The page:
Realize the dream of publishing

CHILLICOTHE – Adena Hospice Spiritual Coordinator Cameron Caseman is proud to keep a treasured copy of a rare book – one of 40 copies never printed – in his office. Inscribed inside is a very special note to be cherished forever from the author of the book, Holle Johnson: “My earthly angel, without the sun you brought me I would never have had my bow.” -in sky.

Registration is fair. Holle, a former hospice patient who went to angels over the Thanksgiving holiday season, had waited 28 years to see her children’s book, “It’s a Secret,” published. The story, which she wrote and illustrated herself, contains a heavy dose of angels and rainbows and she said she was destined to remain hidden in the dark so that her son, Jeff, finds her in the future before Cameron comes to help him. bring it to the light.

Holle said in an interview just a week before her death that in her youth she had thought of writing and illustrating children’s books, but these were just thoughts and were never followed by effect. Never, that is, until the early 1990s, when she was a volunteer parent for the art club of which Jeff was a part.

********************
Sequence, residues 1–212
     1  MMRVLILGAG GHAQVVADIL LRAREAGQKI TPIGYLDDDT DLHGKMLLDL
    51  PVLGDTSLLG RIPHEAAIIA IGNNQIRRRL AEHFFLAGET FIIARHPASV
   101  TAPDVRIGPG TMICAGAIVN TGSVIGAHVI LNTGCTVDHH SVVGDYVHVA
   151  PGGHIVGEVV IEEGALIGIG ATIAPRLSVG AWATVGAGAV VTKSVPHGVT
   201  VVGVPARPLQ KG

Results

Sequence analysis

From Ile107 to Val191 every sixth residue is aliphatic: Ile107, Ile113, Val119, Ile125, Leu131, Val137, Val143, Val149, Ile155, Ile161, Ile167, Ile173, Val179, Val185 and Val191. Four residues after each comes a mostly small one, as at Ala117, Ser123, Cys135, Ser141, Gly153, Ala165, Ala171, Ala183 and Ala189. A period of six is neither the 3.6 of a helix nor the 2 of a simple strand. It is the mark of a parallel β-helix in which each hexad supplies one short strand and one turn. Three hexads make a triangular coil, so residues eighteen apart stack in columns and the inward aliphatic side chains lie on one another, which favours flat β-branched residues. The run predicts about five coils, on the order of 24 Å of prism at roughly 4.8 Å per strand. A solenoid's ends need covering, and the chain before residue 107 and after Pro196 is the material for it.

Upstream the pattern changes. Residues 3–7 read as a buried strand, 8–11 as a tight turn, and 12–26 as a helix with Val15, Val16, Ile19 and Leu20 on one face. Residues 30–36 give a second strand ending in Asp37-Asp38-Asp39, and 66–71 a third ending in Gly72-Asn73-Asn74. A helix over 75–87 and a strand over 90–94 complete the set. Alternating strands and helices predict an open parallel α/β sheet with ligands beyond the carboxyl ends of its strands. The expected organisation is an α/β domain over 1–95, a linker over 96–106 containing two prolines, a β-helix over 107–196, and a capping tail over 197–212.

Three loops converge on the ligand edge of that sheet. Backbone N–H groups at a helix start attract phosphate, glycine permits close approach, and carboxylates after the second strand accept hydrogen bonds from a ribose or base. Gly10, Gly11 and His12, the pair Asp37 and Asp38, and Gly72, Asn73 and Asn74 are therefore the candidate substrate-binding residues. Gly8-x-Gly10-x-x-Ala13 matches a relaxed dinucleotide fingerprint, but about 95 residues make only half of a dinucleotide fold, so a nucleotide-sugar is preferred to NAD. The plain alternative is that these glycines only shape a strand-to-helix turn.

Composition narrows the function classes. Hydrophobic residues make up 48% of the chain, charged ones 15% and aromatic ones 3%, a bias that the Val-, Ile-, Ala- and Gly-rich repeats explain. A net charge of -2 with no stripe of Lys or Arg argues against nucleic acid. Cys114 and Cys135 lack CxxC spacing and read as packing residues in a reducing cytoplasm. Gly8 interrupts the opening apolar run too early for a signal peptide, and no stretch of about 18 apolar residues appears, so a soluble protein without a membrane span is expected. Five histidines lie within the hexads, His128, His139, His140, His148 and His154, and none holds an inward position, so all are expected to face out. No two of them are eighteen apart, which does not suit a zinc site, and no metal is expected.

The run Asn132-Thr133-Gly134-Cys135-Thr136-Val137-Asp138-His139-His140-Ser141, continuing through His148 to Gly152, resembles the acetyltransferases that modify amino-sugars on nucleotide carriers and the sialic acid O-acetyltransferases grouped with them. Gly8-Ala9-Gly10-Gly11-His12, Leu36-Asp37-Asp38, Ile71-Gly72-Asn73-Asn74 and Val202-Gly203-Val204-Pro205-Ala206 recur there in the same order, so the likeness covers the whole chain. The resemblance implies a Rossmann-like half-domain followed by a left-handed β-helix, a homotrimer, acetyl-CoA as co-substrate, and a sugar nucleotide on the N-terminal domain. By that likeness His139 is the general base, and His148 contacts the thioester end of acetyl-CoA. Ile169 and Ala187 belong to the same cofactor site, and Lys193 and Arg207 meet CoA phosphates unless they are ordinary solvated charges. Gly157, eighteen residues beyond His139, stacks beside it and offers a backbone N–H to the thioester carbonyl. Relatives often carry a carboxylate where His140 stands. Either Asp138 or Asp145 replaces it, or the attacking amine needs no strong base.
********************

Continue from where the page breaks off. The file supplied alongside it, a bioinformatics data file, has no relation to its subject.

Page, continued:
“We had a weird conversation, and we were talking about the rainbow, and there was kind of a fight over whether indigo is really in a rainbow,” she recalls. “He was getting into a scientific topic about how the temperatures of all colors could be measured and it was way over my head. I said, ‘The angels did it,’ and I left. It just sparked this idea, so I followed it and wrote this story. Then I decided since I wrote the story that I might as well do the pictures.

The creation process lasted nine months, after which she applied for and obtained a Library of Congress copyright for the work. He was asked to visit the classrooms at his son’s school to read his original copy of the book, but his work never went beyond that. While carrying a lot of sentimental meaning to her, she didn’t know how to get it published. She didn’t see it as a perfect job, and she faced issues that made her try to publish the book out of mind.

Fast forward to just a few months ago, when Cameron had her first visit with Holle as part of her hospice responsibilities. As the two spoke, Cameron mentioned that he published his first book earlier this year, prompting Holle to mention his unpublished work and withdraw it to show him what she had done. He immediately saw a change take place in her – a “sparkle in her eyes.”